Edith Rickert at work in London on the Chaucer Research Project. University of Chicago Photographic Files, apf1-01685.
Following the deaths of Rickert and Manly, Lilian J. Redstone picked up the torch and compiled a preliminary draft of the Chaucer Life-Records in 1941. World War II interrupted the project for six years. In 1947, Professor of English, Martin M. Crow (1901-1997; PhD Chicago 1934), began a preliminary survey of the Chaucer Research Project records. He invited University of the Pacific Professor Clair C. Olson (1901–1972; PhD Chicago, 1938) to assist in this endeavor in 1950. The two had already worked together in the Wieboldt laboratory, and they had collaborated in 1941 to complete Edith Rickert's Chaucer's World (Columbia University Press). Crow and Olson spent years refiling, indexing, checking, cross-referencing, analyzing, and editing the Chaucer Research Project records. Crow spent several weeks in 1952 interviewing Lilian Redstone in her home in Woodbridge, Suffolk, England about the project. Lilian Redstone died in 1955. After 19 years of labor (on top of the 20 years of work that came before it), Crow and Olson finally published the Chaucer Life-Records in 1966 (Oxford, Clarendon Press). So far as I know, the deaths of Crow and Olson were not caused by the Project.
A guide to the records of the Chaucer Research Project is now online. The records not only provide information about the minutiae of Geoffrey Chaucer's life and writings, they help to tell the story of a herculean (Sisyphean?), humanistic project undertaken by a group of passionate scholars. Thomas H. Bestul sums up the enormity of the Chaucer Research Project in his article on one of the Project's contributors, "Ramona Bressie, the Study of Manuscripts, and the Chaucer Life-Records" (Medieval Feminist Forum, vol. 45 no. 1, 2009: 68–92):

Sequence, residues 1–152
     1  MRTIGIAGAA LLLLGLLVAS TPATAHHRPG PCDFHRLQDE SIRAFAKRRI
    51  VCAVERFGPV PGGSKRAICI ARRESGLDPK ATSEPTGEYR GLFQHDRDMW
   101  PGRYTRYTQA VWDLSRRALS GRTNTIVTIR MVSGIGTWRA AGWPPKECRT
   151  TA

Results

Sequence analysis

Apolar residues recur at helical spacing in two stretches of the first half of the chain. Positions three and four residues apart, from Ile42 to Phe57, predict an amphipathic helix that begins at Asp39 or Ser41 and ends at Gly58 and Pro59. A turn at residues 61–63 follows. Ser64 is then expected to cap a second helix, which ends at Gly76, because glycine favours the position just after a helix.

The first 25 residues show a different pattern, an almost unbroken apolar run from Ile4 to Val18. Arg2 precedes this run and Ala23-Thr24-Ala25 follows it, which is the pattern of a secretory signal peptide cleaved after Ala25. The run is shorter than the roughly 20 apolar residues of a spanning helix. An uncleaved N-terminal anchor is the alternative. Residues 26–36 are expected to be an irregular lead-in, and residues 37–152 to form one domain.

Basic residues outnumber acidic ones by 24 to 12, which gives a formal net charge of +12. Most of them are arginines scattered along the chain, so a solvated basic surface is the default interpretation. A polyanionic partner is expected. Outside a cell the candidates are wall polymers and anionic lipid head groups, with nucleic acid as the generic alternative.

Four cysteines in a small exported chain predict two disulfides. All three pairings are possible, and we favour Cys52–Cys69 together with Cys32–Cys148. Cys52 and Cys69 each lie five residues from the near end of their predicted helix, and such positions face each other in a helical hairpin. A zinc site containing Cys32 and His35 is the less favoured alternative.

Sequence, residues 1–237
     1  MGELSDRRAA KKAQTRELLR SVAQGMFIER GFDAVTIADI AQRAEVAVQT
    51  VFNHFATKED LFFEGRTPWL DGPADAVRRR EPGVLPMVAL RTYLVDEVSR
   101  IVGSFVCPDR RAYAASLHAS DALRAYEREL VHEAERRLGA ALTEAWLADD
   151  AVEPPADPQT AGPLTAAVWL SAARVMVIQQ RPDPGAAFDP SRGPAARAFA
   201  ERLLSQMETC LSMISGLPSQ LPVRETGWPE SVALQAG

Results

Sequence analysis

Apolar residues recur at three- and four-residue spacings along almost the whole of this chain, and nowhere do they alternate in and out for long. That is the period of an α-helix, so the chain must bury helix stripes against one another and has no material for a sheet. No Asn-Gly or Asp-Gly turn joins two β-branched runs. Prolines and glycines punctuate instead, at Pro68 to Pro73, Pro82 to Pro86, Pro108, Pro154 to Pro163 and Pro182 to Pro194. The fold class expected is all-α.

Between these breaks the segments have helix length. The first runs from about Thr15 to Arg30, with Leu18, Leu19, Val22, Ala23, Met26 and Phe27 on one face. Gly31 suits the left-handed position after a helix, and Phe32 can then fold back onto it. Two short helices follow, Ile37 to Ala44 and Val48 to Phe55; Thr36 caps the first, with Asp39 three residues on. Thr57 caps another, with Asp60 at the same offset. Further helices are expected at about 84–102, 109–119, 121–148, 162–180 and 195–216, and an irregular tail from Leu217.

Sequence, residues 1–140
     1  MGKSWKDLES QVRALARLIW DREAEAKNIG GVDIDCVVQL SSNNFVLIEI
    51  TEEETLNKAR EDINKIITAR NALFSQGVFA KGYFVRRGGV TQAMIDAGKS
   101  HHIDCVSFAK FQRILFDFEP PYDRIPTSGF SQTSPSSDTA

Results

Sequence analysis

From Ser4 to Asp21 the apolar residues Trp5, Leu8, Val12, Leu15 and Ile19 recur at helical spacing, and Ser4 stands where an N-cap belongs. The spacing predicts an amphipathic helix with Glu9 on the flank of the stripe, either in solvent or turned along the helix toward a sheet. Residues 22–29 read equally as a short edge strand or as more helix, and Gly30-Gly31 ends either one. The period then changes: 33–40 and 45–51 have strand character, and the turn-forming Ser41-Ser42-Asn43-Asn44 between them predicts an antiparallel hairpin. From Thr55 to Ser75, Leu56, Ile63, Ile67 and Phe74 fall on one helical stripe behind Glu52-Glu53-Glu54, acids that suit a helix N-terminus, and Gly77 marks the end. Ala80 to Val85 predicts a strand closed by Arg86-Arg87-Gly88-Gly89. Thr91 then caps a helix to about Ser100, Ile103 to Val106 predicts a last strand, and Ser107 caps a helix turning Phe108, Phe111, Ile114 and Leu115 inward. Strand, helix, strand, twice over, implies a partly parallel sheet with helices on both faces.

Manly and Rickert’s critical axioms were characteristic of the period -- they were convinced that Chaucer could be recovered through systematic research into records which would lead to objective knowledge of Chaucer’s milieu and thereby Chaucer himself. In an historical context, the Manly-Rickert Chaucer project is an indication of the professionalization of literary study that occurred at the end of the nineteenth and beginning of the twentieth centuries. In a national context, that period at Chicago can be seen as a manifestation of the enormous optimism, ambition, and entrepreneurial spirit that marked American society in the post-Wilsonian era.
Digital Humanists, take note. The concept of data mining large cultural data sets is nothing new, but thanks to the advent of computers it's a lot less likely to kill you.
M. Mills, a member of the British archival research team hired by University of Chicago faculty John Matthews Manly and Edith Rickert to work on the Chaucer Project. She is pictured with Custom House Accounts (on stand). On the document's upper membrane, Geoffrey Chaucer, who once served as a customs official, appears as a witness to the accounts' accuracy. University of Chicago Photographic Files, apf1-01683.